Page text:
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GARBE on managing logistics real estate sustainably

Jan-Dietrich Hempel, co-managing director at logistics specialist GARBE Industrial Real Estate, considers the practical steps managers can take to combine commercial success with environmental performance.

This article is sponsored by GARBE Industrial Real Estate

For over 20 years, GARBE Industrial Real Estate has been a market leader in German logistics property and an active owner and developer in Austria and the Benelux countries. Managing some 4.5 million square meters (48.5 million square feet) of sheds, the Hamburg-headquartered firm has recently begun to widen its reach into France, northern Italy and central and eastern Europe.

The company’s co-managing director Jan-Dietrich Hempel discusses how ESG considerations have begun to play a growing role in determining its strategies and approach to fund vehicles.

What have been the main drivers of the ESG agenda for your business?

While occupier requirements and regulation also play a role, it is the demands of our increasingly pan-European and global investor base that are the strongest driver for building certification, sustainability and all other aspects of the ESG agenda. Having said that, GARBE opted to act responsibly years ago already by starting vehicles explicitly focusing on core-plus/value-add product, because using existing buildings as long as possible is obviously the smartest way to save resources.

But regarding developments in the past, we sometimes did not certify buildings because the market was so tight and investors were so keen for product that buyers did not insist or even wanted to avoid the extra cost. When we knew that a project would not end up in one of our vehicles and sold before completing construction, we sometimes skipped the certification because it would not change the price we got when exiting. That has changed, and now the majority of buyers understand that ESG standards are a lever for additional value.

Adopting a new ESG standard involves a major organizational effort, so we took our time examining the various systems available to make sure that we backed the one that will best meet the overall trend. There is little value in adopting standards that do not earn market acceptance. Our analysis showed that GRESB would be the most value-creating standard because it is the most intelligent and also most widely accepted by globally active investors.

Investors are always concerned about how they will exit from a fund vehicle. Adopting the GRESB standard, which we are quite confident will be the market leader worldwide, is part of the answer. In 10 years’ time, having improved the portfolios of properties that we manage using GRESB standards, I am sure they will fetch an even more attractive price, particularly compared with a scenario in which they do not meet that standard.

What are the main advantages of the GRESB benchmark?

As well as being a developer and owner, GARBE is a 360-degree platform for logistics and light industrial, with all functions down to the property management level being done in-house. Investors buy a solution and not just a property when they invest with us, so as a manager we need to stick to ESG standards continuously and to prove that from an ethical point of view things are managed correctly.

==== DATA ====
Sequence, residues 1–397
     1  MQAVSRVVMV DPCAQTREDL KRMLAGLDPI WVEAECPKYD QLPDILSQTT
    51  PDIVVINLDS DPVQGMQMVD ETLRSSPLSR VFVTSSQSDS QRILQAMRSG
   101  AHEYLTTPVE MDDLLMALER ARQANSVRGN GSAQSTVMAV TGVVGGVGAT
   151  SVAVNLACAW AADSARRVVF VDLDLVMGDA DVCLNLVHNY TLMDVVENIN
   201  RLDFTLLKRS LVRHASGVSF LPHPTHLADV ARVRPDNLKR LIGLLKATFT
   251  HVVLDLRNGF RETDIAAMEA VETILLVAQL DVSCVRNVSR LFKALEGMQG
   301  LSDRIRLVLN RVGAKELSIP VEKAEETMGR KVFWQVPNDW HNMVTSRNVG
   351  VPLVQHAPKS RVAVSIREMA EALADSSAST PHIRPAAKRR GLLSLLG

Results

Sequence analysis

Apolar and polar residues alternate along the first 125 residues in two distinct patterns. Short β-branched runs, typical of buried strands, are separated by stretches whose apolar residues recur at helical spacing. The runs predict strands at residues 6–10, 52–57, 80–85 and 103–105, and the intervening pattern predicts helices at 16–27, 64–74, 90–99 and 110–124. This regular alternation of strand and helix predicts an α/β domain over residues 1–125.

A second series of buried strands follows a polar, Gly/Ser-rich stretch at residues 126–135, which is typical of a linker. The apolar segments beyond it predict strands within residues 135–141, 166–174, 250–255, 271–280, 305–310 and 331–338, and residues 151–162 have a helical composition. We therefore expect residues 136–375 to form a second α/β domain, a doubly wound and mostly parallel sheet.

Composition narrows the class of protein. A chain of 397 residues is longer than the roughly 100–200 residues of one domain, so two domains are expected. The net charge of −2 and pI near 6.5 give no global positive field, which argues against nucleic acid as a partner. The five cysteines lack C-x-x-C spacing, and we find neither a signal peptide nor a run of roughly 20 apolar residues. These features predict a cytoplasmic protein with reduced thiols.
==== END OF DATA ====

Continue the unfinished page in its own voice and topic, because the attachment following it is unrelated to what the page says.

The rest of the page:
The BREEAM, LEED and DGNB (German Sustainable Building Council) certification systems focus on the design, planning and construction of new buildings. But they do not value the management process so much.

We will still seek DGNB or LEED certification for new developments. However, that is only one component of the whole picture. There is a different set of considerations when managing logistics buildings compared with offices, for example.

The type of office occupier really does not matter. Whether they are a law firm, tax advisors or a dentist, their overall energy consumption is pretty uniform. However, in logistics to make efficiency improvements you have to work very closely with the tenant, and even if the building specification is identical, different tenants will have widely-varying energy consumption.

Standard logistics sheds can be used to distribute anything from building materials and car parts to food and pharmaceuticals. Some products are more temperature sensitive than others, while the number of vehicle movements and the length of time that loading bay doors will remain open can be very different.

There is also a different challenge involved in getting energy consumption data from warehouse occupiers, because in a single-tenant building most of the big logistics companies will arrange for their own power supply, so their energy consumption is beyond the landlord’s control. You have to manage it together with your client to produce a really holistic solution for the property.

With GRESB you get credit for providing transparency about data and processes that is only possible to obtain by working closely with the tenant. You also get points for improving performance in a step-by-step manner, which is really important because logistics is all about looking at the little things over time and improving them. It is a process, and GRESB recognizes that management process.

How far have you progressed in implementing GRESB?